Early Chinese vaccine patent adds to evidence of COVID lab leak
Chinese scientists affiliated with the People's Liberation Army filed a patent for a COVID-19 vaccine in February 2020, with their research indicating they began working on a vaccine at least by November 2019.
Early COVID-19 vaccine patents filed by Chinese scientists and patents meant to prevent the escape of pathogens from labs is the latest evidence to emerge suggesting that the coronavirus leaked from the Wuhan Institute of Virology as early as August 2019.
Chinese scientists affiliated with the People's Liberation Army filed a patent for a COVID-19 vaccine in February 2020, with their research indicating they began working on a vaccine at least by November 2019, nearly two months before Beijing disclosed the COVID outbreak, according to a report on the virus compiled by Sen. Marco Rubio (R-Fla.) and his staff.
Additionally, Wuhan researchers filed for a patent in December 2019 for an "integrated system for use in biological protection" that would detect air pressure changes to maintain negative airflow and ensure that the lab operates safely.
The patent application also included data from between September and December 2019 indicating that the WIV was experiencing serious issues with its ventilation systems.
”The outbreak of an airborne viral pneumonia is one way that such problems could have become evident to the WIV leadership," the Rubio report states.
While a Harvard study suggested in June 2020 that COVID may have started spreading as early as August 2019, the report found that Wuhan researchers were raising the alarm about safety problems starting in late 2018.
Chen Xinwen, who directed the WIV until late 2018, said at a September 2018 goals and challenges meeting that there were unspecified "shortcomings and inadequacies in the current work" at the lab, according to meeting notes published in the report.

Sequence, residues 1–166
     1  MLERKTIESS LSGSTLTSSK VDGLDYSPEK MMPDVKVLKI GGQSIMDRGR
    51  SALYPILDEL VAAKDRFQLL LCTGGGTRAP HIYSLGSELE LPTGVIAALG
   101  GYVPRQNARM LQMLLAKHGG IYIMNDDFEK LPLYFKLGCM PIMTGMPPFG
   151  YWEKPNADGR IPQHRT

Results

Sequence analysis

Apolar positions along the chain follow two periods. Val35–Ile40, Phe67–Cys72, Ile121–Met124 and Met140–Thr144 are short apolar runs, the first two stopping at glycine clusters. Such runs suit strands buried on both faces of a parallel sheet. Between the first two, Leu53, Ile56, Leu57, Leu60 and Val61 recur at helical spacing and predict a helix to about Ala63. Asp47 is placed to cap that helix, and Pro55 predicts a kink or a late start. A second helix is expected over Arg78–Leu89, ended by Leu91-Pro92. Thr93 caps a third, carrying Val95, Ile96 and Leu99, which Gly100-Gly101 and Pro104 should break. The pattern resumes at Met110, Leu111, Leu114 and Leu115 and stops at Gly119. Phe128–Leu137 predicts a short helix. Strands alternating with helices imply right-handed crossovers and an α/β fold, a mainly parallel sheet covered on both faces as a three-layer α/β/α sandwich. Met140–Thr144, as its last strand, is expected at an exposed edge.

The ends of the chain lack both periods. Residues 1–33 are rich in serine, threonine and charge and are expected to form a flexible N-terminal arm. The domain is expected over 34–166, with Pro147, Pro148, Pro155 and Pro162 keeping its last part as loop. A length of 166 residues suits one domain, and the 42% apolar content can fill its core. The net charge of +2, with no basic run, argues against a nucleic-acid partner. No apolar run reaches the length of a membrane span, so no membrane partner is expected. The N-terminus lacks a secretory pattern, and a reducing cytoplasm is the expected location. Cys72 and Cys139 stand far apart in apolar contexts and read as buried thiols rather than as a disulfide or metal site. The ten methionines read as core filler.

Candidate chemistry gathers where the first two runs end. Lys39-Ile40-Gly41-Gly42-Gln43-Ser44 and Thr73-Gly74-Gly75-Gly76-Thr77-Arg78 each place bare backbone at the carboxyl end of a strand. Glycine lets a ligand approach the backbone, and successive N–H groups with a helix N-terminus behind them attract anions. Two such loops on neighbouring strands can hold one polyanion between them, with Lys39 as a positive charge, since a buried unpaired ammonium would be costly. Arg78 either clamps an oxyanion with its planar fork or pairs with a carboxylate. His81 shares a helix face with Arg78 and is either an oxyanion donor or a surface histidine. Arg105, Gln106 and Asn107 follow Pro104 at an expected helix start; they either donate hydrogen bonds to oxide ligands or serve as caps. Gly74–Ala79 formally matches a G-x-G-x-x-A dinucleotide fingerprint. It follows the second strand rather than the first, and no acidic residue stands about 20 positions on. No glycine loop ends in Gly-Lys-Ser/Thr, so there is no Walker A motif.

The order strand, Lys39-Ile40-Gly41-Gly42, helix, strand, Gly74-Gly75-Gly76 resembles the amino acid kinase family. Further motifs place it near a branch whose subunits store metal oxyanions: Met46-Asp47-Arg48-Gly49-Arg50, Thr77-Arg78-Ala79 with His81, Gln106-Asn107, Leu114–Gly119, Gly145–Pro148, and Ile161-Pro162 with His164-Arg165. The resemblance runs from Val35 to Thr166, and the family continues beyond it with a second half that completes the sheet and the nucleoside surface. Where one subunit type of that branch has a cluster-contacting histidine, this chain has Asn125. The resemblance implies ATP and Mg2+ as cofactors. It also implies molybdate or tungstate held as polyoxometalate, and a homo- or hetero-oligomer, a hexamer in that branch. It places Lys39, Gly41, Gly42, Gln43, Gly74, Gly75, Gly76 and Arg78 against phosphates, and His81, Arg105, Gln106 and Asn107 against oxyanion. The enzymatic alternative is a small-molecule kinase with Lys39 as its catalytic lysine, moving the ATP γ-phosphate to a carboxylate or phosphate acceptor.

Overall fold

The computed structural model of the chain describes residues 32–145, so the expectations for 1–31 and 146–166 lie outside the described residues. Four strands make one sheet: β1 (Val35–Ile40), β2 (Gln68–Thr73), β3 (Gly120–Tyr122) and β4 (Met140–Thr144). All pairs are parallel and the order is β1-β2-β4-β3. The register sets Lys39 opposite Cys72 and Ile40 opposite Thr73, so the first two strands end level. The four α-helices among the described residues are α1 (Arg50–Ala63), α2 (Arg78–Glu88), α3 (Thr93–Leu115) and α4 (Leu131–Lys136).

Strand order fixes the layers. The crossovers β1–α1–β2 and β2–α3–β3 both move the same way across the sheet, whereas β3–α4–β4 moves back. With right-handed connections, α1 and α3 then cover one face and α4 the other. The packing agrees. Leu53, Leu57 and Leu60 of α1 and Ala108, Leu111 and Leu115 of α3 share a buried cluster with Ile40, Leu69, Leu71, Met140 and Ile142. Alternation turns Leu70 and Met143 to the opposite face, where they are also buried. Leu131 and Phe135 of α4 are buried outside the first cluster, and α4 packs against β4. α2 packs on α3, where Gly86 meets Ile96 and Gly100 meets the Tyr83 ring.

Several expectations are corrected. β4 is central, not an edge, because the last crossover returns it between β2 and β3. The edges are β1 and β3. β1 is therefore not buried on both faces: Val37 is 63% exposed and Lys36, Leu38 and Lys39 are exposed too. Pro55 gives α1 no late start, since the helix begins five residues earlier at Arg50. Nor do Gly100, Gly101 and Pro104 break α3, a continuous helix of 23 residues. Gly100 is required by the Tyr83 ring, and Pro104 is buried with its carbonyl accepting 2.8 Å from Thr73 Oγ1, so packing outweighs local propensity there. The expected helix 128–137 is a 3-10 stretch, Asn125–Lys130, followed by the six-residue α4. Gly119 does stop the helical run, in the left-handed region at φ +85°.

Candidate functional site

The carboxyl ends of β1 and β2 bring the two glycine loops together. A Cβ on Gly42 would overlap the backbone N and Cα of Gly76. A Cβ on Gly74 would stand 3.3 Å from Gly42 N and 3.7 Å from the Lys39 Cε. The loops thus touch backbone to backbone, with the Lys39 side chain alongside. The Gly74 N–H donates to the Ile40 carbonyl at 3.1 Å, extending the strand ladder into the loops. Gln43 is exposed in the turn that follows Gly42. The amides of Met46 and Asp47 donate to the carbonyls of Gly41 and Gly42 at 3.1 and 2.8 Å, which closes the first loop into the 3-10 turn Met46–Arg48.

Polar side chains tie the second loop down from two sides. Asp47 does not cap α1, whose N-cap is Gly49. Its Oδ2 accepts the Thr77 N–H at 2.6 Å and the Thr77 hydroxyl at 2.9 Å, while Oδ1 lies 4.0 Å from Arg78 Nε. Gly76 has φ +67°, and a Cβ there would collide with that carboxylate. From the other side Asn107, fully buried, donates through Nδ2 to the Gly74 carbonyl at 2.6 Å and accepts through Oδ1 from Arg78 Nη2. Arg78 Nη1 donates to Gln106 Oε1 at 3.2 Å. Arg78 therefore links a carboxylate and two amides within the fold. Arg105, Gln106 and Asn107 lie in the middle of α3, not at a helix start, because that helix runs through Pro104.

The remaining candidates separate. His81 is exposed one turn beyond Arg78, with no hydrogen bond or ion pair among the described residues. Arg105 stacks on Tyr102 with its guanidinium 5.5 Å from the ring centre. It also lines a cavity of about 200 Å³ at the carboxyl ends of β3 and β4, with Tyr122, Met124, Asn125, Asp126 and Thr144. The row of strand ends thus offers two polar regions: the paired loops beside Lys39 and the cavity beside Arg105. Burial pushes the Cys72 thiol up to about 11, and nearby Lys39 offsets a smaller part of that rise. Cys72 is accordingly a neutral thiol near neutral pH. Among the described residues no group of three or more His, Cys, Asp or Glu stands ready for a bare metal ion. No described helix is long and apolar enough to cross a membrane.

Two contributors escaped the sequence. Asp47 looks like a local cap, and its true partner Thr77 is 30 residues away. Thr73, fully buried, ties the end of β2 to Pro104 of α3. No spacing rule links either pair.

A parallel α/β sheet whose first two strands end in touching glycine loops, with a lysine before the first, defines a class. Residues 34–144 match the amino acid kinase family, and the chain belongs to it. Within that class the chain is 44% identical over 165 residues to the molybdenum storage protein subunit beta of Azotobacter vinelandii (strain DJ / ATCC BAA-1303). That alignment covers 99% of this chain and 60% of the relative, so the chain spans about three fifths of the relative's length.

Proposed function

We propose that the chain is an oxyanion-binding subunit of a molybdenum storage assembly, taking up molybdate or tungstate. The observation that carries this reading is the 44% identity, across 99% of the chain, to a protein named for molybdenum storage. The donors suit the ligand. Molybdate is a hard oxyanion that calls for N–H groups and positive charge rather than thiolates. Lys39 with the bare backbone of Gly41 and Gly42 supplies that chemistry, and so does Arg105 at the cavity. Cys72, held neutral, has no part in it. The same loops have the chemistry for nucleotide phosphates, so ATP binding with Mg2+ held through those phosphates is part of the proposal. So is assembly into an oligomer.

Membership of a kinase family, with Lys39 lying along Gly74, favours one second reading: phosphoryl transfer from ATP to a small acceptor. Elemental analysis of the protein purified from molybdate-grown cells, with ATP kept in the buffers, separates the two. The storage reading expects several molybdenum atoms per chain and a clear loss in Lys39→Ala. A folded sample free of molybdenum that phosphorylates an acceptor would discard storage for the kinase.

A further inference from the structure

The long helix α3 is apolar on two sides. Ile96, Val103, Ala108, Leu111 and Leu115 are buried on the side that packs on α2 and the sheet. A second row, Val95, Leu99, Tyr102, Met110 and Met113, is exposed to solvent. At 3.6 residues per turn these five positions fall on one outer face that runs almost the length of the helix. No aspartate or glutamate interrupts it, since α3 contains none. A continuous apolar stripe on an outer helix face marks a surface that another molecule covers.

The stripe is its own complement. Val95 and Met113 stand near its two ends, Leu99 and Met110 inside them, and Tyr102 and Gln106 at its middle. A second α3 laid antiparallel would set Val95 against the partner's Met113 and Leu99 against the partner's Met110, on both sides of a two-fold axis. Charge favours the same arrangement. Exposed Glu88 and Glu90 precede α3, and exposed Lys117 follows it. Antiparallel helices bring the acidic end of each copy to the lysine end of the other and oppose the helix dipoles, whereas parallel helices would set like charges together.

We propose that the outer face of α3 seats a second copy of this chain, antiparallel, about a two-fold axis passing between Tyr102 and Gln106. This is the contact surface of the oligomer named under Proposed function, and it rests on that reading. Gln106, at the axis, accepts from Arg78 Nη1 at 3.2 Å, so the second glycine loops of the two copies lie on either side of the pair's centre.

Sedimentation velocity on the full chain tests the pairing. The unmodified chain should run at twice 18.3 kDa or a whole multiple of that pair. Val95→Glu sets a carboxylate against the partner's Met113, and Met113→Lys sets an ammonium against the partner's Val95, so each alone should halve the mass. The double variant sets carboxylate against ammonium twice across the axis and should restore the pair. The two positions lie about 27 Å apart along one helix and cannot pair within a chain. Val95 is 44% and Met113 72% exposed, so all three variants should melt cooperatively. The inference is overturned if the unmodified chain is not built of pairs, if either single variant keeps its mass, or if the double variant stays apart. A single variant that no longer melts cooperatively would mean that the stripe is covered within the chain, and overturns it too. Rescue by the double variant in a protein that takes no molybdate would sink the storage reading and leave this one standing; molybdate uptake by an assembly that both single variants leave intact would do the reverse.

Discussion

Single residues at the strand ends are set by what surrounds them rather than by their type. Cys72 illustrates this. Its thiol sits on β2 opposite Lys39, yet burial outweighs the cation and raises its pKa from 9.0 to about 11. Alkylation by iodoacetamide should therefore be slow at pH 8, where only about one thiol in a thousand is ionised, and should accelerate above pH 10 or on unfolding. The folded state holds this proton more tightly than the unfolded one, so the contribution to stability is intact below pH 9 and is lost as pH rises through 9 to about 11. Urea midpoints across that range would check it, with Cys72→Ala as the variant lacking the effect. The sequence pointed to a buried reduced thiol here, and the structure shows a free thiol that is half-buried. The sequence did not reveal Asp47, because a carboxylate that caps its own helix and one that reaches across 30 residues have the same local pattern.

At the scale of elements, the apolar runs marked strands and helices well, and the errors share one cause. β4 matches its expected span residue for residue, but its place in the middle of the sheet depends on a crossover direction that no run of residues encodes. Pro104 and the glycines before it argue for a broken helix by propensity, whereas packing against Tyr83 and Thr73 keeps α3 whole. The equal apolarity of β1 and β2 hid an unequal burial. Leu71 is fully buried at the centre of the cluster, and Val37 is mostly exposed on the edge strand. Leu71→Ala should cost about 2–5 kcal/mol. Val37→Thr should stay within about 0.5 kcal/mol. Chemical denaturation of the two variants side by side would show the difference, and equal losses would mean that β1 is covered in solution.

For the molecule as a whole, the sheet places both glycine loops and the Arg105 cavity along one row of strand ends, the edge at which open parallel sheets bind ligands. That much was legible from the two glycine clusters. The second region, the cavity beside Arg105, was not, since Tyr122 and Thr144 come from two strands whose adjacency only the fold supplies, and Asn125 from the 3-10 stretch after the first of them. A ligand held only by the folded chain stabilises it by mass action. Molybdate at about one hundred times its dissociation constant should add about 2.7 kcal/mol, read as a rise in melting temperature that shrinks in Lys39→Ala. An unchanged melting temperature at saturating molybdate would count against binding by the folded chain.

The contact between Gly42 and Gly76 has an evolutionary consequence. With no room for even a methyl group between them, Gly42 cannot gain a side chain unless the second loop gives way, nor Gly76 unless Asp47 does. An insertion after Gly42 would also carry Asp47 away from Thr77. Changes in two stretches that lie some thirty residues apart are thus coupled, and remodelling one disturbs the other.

In October 2018, Wuhan Laboratory official Yuan Zhiming and four other researchers with the Chinese Academy of Sciences published an article calling for greater oversight, stating that "it is urgent to establish and implement standardized management measures for biosafety laboratories."
Rubio's report comes after FBI Director Christopher Wray said in February that his agency "has for quite some time now assessed that the origins of the pandemic are most likely a potential lab incident in Wuhan."
A report late last year from House Intelligence Committee Republicans alleged that the COVID-19 virus may have been linked to a Chinese weapons program.
Rubio's report supports this idea, stating that Chinese dissident Wei Jingsheng told congressional staffers that he had first heard about the virus in October 2019 when Chinese Communist Party sources said it had been accidentally released during biological weapons research in Wuhan. The report also states that China has a history of being interested in developing bioweapons.
President Joe Biden signed a bill into law in March requiring the declassification of government intelligence related to the origins of the COVID-19 pandemic.
Madeleine Hubbard is an international correspondent for Just the News. Follow her on Twitter or Instagram.